"They are the jihadi organization that has been the farthest in this path. It is very peculiar to AQIM," Filiu said.
U.S. officials say they believe ransoms that other Western nations have paid for the release of AQIM's hostages are its primary source of funds. Next in line is income from smuggling, largely moving Latin American cocaine along routes that take it to Europe.
Army Gen. Carter Ham, head of the U.S. Africa Command based in Stuttgart, Germany, has been the U.S.'s most vocal official proclaiming the AQIM threat.
"We view the threat posed by al Qaida in the Islamic Maghreb as a very serious threat not only to African people but to us as well," Ham told a group of Senegalese journalists in late August.
A month later, he told the Defense Writers Group in Washington that intelligence estimates suggested that al Qaida's global affiliates and emulators, including AQIM, Boko Haram in Nigeria and the Shabab movement in Somalia, may be gaining strength even as the core al Qaida command is weakening.
"That's what I see in Africa and that's what concerns me in Africa," said the general.
While this summer's wave of attacks in Algeria showed the group's northern wing was still active, it's the group's expansion south that most alarms Washington.
The move into what is known as the Sahel — the sparsely-vegetated belt squeezed between central Africa's tropics and the great Sahara — was spurred by a mix of desperation and opportunism: a crackdown by Algerian authorities in 2008 severely weakened the group, but the desolate Saharan dunes, porous borders, and weak governments to the south also proved a vast safe haven and valuable pot of funds.
Now there are worries that the group is strengthening its ties to black Africa, and other like-minded jihadist groups, Nigeria's Boko Haram in particular. The Aug. 26 blast in Cherchell came just a few hours after a more headline-grabbing suicide attack by Boko Haram against the headquarters of the United Nations in Abuja, Nigeria's capital, that killied 23. On Saturday, a blast that killed 67 Nigerians was blamed on Boko Haram.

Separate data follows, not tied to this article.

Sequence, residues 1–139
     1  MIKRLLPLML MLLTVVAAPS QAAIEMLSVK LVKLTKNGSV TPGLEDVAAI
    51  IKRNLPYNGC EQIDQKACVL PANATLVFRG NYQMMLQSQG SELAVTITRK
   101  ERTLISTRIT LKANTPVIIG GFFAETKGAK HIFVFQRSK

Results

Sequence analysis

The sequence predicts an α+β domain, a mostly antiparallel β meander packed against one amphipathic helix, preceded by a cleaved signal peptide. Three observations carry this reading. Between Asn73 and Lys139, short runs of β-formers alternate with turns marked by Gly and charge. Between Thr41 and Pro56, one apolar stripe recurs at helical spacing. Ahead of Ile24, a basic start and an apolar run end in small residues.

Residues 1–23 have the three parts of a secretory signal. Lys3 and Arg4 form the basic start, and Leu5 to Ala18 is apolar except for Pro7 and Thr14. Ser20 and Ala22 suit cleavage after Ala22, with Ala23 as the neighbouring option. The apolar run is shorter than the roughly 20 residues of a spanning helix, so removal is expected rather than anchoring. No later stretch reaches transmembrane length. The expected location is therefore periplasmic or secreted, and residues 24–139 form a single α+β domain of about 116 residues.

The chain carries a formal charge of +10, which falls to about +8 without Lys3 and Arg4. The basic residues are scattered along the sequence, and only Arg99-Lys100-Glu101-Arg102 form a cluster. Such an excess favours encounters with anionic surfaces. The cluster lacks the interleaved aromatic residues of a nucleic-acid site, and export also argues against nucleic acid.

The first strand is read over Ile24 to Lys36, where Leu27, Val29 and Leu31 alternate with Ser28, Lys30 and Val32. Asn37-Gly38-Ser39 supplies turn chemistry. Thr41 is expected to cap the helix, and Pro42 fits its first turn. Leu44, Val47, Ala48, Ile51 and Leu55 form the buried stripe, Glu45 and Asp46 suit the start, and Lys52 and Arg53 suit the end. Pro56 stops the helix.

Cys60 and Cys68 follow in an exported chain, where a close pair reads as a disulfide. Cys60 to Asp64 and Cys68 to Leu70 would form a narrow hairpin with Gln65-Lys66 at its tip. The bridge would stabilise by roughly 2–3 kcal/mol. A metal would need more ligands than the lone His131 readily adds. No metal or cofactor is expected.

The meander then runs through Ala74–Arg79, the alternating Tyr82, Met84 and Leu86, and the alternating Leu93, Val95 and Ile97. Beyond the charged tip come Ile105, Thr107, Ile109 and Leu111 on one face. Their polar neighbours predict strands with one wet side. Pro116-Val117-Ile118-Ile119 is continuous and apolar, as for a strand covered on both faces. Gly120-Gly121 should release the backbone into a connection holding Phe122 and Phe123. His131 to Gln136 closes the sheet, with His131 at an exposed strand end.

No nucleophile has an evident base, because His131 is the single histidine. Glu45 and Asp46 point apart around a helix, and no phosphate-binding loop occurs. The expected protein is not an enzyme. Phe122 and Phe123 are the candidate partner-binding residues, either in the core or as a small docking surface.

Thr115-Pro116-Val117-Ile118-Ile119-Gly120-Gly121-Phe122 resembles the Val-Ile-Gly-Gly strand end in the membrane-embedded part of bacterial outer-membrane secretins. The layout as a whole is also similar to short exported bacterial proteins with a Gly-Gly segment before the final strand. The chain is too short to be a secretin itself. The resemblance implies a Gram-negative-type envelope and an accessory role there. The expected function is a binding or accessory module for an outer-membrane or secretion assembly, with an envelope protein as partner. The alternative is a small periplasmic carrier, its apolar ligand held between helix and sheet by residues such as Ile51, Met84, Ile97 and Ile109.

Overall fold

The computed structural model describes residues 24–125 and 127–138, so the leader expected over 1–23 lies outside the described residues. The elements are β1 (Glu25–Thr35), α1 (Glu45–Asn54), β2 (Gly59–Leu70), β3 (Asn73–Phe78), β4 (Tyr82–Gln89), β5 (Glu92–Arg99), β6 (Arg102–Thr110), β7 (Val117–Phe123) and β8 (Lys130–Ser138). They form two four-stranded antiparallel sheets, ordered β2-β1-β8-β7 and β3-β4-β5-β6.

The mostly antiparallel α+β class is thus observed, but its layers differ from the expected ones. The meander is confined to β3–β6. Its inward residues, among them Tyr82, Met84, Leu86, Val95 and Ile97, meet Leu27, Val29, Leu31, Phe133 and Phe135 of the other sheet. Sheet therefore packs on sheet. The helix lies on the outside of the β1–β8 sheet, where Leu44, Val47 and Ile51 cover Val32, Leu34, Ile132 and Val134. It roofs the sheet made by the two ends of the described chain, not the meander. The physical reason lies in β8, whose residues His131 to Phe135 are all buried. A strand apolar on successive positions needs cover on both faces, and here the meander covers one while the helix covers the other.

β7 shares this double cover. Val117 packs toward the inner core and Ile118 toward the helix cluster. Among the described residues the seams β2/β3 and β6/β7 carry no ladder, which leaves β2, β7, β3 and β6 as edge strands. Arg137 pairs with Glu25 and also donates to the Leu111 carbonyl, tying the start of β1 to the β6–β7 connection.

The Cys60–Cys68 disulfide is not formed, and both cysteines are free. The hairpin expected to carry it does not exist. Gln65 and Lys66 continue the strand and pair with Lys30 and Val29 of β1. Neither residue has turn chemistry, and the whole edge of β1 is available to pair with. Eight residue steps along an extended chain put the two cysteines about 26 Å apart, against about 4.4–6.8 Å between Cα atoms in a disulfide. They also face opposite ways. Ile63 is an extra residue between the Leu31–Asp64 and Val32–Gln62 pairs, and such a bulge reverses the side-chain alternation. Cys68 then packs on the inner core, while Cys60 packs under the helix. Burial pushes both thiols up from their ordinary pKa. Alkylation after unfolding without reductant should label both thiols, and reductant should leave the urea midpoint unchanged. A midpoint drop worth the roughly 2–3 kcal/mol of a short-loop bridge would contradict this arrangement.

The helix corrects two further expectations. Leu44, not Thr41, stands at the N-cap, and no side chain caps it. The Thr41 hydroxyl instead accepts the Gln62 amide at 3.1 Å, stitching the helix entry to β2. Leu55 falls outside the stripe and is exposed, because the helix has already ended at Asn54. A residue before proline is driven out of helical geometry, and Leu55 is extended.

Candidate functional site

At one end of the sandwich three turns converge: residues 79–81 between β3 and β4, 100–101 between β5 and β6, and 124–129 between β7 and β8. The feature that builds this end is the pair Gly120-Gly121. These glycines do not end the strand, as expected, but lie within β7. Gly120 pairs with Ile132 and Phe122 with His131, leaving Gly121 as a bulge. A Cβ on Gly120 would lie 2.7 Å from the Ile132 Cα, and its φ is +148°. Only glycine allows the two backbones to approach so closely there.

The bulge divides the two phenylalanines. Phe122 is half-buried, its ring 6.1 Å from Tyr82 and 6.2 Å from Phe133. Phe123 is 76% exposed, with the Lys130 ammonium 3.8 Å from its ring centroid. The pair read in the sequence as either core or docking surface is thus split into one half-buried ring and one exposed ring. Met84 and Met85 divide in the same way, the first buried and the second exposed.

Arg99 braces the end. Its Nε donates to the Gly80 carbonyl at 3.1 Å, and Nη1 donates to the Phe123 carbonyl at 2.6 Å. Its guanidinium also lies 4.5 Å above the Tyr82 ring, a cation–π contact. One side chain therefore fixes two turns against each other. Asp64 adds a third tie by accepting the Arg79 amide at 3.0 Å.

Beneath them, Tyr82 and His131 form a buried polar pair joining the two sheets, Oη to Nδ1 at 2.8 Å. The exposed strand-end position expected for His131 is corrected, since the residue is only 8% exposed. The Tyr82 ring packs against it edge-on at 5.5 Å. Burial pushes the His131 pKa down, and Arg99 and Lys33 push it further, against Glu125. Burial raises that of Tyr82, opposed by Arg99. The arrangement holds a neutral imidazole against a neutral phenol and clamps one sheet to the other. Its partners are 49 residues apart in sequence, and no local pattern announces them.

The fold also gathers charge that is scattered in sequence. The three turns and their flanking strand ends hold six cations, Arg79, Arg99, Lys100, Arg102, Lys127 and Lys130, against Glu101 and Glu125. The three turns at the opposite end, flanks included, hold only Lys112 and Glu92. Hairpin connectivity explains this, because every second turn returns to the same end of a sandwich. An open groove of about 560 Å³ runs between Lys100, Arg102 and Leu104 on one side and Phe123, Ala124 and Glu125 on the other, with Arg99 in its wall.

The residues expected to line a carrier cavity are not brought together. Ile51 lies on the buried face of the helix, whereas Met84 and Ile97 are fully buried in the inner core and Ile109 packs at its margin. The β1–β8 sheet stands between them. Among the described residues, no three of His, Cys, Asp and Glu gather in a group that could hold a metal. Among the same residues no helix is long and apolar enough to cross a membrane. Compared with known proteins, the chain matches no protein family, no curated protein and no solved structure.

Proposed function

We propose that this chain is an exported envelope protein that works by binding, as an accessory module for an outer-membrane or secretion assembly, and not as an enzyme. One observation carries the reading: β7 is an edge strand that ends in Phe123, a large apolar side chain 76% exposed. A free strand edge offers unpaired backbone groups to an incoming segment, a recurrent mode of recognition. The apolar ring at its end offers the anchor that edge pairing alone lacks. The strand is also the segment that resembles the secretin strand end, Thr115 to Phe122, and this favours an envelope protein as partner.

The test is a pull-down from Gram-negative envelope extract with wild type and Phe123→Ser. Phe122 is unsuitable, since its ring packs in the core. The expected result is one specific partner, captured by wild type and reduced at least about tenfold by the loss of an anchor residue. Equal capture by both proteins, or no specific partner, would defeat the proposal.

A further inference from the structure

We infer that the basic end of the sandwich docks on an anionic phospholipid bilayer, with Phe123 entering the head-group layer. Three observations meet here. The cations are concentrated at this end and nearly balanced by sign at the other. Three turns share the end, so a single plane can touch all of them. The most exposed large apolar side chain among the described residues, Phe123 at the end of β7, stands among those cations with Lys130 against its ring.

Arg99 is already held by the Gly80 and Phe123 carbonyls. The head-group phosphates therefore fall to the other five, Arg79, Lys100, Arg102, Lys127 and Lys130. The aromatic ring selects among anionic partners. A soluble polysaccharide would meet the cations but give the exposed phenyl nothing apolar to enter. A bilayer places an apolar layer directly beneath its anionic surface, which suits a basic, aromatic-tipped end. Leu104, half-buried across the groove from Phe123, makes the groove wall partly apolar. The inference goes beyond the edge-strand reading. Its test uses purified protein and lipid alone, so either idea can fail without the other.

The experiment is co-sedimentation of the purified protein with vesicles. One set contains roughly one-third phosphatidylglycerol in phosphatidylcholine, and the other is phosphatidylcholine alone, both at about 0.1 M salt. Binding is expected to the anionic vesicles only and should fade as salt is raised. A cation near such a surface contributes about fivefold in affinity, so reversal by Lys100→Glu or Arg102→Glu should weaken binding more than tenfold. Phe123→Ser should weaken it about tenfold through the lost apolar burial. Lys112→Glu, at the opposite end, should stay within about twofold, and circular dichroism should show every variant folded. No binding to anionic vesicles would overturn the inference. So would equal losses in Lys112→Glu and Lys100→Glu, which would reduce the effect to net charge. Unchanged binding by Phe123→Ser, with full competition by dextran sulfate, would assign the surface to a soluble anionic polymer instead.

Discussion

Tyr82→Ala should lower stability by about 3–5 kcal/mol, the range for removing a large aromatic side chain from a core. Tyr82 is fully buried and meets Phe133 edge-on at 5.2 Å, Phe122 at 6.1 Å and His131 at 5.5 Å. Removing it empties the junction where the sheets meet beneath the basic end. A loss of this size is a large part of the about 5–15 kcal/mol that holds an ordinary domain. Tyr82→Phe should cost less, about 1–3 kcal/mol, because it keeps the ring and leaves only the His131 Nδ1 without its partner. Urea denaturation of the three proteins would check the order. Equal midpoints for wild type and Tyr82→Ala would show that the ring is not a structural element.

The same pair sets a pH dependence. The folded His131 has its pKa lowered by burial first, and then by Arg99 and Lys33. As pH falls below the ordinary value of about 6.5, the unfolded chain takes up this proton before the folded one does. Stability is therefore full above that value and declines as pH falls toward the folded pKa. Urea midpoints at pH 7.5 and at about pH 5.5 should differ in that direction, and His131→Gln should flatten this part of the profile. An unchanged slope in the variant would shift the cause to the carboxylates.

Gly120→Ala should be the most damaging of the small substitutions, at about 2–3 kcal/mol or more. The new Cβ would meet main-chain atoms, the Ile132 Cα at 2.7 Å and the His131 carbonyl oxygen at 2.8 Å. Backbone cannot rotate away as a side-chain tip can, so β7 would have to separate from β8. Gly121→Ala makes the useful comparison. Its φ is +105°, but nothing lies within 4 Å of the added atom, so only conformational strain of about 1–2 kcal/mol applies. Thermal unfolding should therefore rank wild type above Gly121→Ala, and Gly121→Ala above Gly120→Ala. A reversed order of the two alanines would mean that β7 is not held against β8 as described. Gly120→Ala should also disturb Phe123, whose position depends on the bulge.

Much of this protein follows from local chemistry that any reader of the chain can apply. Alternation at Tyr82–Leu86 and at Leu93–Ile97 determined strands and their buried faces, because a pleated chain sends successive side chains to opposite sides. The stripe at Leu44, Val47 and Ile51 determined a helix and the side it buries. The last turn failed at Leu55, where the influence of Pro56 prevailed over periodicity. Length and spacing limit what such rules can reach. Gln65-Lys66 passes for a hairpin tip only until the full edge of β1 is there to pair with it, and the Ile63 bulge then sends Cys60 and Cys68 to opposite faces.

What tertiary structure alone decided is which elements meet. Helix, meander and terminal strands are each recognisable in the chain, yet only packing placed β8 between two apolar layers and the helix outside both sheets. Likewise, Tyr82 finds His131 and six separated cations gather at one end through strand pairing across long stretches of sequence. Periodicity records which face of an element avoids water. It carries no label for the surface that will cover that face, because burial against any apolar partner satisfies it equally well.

In Washington, Ham said the intent to collaborate was especially strong between AQIM and Boko Haram, which was being blamed for Saturday's blast that killed 67 people in Nigueria.
That, however, is not a universally held opinion, even within the U.S. government. A State Department official specializing on security in the region downplayed the links between the groups, calling the contacts between the two "episodic."
Andrew Lebovich, an analyst at the New America Foundation, a non-partisan Washington think tank, says "the public evidence" of collaboration "is too thin to draw that kind of conclusion."
"The U.S. and other governments seem pretty convinced, but it's pretty difficult to confirm without access to the classified material," he said.
Boko Haram remains a very Nigerian organization, and AQIM — despite its global jihadist rhetoric — remains largely Algerian-focused, with an Algerian leadership, he notes.
Some analysts point out that regional governments have an incentive to play up the terrorist threat in their countries — attracting more Western aid. That effect could have been on display when in September, when the government of Niger took advantage of the rare presence of foreign reporters covering the arrival in Niamey of Moammar Gadhafi's son Saadi to announce a major clash with AQIM forces in northern Niger in which it claimed to have captured 59 recruits.